Conservancy Lands & Trails
Flood Recovery Efforts
Conservancy Lands Plan 2018-2023
The Conservancy Lands Plan 2018-2023 is a guiding document for City of Middleton's land stewardship activities on its conservancy lands. Middleton’s conservancy lands system provides over 835 acres of open space and represents approximately 14 percent of land within the City. The conservancy system includes both conservancy lands and the trails within these lands. Conservancy lands are public lands managed for natural vegetation, habitat, water quality and passive recreation. Although conservancy lands vary in size, vegetative communities, landscape features, management priorities, and uses, most conservancies share some or all of the following characteristics:
- Unique plant communities, wildlife, and/or geology.
- Ecological function, such as protecting water quality or preserving wildlife habitat.
- Maintained as natural area and restored to native plant community.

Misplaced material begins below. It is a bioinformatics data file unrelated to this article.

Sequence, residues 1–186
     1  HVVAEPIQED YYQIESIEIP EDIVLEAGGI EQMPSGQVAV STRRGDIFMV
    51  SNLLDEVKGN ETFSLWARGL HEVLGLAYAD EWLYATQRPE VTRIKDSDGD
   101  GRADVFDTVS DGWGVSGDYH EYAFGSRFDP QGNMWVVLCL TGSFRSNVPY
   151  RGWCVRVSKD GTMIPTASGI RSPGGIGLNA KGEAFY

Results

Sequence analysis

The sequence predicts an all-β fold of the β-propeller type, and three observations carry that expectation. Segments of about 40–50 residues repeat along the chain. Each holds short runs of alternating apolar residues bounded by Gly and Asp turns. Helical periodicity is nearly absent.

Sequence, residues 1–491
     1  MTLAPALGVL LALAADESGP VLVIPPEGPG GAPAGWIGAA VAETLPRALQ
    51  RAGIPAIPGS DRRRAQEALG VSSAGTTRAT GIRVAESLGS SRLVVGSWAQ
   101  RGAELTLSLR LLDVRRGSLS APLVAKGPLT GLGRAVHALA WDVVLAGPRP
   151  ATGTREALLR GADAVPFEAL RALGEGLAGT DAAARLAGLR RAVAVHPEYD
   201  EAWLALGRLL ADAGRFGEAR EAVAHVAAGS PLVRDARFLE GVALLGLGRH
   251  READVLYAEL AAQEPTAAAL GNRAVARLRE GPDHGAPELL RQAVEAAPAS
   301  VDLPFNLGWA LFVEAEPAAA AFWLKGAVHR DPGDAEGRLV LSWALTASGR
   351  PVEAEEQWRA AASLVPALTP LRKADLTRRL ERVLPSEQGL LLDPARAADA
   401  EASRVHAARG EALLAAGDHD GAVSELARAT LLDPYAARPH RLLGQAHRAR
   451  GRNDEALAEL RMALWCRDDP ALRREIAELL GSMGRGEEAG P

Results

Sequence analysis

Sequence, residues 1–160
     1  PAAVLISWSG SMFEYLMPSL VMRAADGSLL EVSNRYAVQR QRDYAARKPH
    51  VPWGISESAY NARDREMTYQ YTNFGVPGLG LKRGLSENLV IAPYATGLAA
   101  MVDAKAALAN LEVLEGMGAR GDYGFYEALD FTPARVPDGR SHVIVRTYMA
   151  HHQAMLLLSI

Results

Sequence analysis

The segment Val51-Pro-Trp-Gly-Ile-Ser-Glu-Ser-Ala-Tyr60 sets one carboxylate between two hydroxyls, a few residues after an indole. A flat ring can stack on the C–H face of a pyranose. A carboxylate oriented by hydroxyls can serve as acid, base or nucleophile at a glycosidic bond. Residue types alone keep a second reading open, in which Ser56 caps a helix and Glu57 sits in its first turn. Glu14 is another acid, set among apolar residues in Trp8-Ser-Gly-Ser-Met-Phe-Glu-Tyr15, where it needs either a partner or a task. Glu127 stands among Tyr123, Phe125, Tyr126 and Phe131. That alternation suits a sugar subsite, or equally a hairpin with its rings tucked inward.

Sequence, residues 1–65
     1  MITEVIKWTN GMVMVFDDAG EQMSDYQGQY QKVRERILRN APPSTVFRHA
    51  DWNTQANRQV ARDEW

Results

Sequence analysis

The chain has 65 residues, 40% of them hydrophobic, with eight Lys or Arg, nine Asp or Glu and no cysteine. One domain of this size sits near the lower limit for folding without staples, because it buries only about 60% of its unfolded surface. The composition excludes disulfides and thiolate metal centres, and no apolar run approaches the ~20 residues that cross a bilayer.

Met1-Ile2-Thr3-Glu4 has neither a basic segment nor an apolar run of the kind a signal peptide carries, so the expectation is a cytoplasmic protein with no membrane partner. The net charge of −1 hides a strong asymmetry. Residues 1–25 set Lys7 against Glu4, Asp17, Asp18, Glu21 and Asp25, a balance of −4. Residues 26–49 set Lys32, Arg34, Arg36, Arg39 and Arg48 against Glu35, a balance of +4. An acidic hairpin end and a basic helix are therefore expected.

- Provides opportunities for passive recreation, education, and volunteering.
Read about Pheasant Branch Conservancy being named as 1 of 4 unforgettable biking locations in WI!
Take a stroll and visit over 15 trails and conservancies including Pheasant Branch, Graber Pond, Tiedeman Pond, Bock Forest and more. The Middleton Public Lands Division oversees all conservancy land and trails within the City of Middleton. The division is responsible for all planning maintenance and yearly improvements on the land within its jurisdiction.
The Pheasant Branch Conservancy is considered 1 of 100 Wisconsin Wetland Gems and 1 of 26 Wetland Workhorses. Please see the Wetland Gem Flyer for more information. Wetland Gem books are also available in the Public Lands Department at City Hall, 7426 Hubbard Ave.
Bock Community Forest
Graber Pond Trail
South Fork Trail